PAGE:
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Thomas G. Pavel - The Lives of the Novel: A History. (2013 hdbk, 2015 obk) | Princeton University Press
This is a bold and original original history of the novel from ancient Greece to the vibrant world of contemporary fiction. In this wide-ranging survey, Pavel argues that the driving force behind the novel's evolution has been a rivalry between stories that idealize human behavior and those that ridicule and condemn it. Impelled by this conflict, the novel moved from depicting strong souls to sensitive hearts and, finally, to enigmatic psyches. Pavel analyzes more than a hundred novels from Europe, North and South America, Asia, and beyond, resulting in a provocative reinterpretation of its development. According to Pavel, the earliest novels were implausible because their characters were either perfect or villainous. In the 18thC and 19thC, novelists strove for greater credibility by describing the inner lives of ideal characters in minute detail (as in Richardson's case), or by closely examining the historical and social environment (as Scott and Balzac did). Yet the earlier rivalry continued: Fielding held the line against idealism, defending the comic tradition with its flawed characters, while Charlotte Brontë and George Eliot offered a rejoinder to social realism with their idealized vision of strong, generous, and sensitive women. In the twentieth century, modernists like Proust and Joyce sought to move beyond this conflict and capture the enigmatic workings of the psyche. Pavel concludes his compelling account by showing how the old tensions persist even within today's pluralism, as popular novels about heroes coexist with a wealth of other kinds of works, from satire to social and psychological realism. -- Prof. of French, Comparative Literature, and Social Thought at the U. of Chicago, also "Fictional Worlds" and "The Spell of Language." -- downloaded introduction to Note
books  kindle-available  literary_history  literary_theory  lit_crit  novels  fiction  Greek_lit  Latin_lit  Medieval  Renaissance  Cervantes  Fielding  Richardson  Defoe  Scott_Sir_Walter  Balzac  Eliot_George  Proust  satire  cultural_critique  politics-and-literature  cultural_history  sentimentalism  character-fiction  psychology  historical_fiction  realism-literature  Modernism  romances  downloaded 
june 2015 by dunnettreader
JERRY C. BEASLEY - ENGLISH FICTION IN THE 1740s: SOME GLANCES AT THE MAJOR AND MINOR NOVELS | JSTOR: Studies in the Novel, Vol. 5, No. 2 (summer 1973), pp. 155-175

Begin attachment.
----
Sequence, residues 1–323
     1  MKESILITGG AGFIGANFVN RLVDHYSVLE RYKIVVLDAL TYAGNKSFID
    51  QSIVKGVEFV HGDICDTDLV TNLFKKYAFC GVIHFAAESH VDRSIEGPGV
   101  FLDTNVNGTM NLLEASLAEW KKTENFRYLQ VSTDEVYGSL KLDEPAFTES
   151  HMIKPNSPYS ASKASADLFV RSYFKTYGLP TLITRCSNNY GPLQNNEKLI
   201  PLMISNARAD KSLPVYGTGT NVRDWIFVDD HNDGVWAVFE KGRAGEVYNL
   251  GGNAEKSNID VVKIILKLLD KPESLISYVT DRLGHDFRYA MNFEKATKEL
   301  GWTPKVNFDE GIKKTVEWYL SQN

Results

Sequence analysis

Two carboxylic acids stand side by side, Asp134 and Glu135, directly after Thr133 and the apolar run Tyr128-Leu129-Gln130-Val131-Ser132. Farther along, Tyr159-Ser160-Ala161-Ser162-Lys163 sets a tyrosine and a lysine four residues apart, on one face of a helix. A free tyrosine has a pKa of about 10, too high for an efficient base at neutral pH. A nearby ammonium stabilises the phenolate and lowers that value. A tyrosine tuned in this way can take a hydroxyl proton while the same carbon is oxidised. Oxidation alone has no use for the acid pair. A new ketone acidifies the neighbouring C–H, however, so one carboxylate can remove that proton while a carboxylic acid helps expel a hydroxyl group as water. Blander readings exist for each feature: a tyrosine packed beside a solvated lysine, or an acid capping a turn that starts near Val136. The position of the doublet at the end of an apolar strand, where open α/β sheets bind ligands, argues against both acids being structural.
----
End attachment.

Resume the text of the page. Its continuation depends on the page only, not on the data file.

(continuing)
Samuel Richardson, Henry Fielding, and Tobias Smollett reached their first successes in the 1740s, when they burst upon the scene with novels that seemed surprisingly fresh and "new," as indeed their authors claimed they were. Certain aspects of this "newness" have been frequently explored by scholars, who have tried to show how these three authors built upon, and departed from, the practice of their predecessors. But the major novels of the 1740s appeared simultaneously with a great many other works of fiction, both native pieces and foreign works in translation—romances and "novels," "spy" stories and secret histories, feigned "lives," "memoirs," and "histories." By looking at these, we stand to learn a good deal about the initial appeal, and sometimes the methods, of Richardson, Fielding, and Smollett, who were keenly aware of the contemporary scene in prose fiction. In fact, an important measure of these novelists' achievement is the way they were able to exploit several current modes of storytelling in creating ingeniously textured novels that gained great popularity by satisfying the tastes of a very heterogeneous audience, and that managed also to be excitingly original, utterly serious works of art. -- looks quite interesting -- didn't download
article  jstor  literary_history  English_lit  18thC  1740s  popular_culture  print_culture  readership  novels  prose  fiction  Fielding  Richardson  Smollett  EF-add 
may 2014 by dunnettreader

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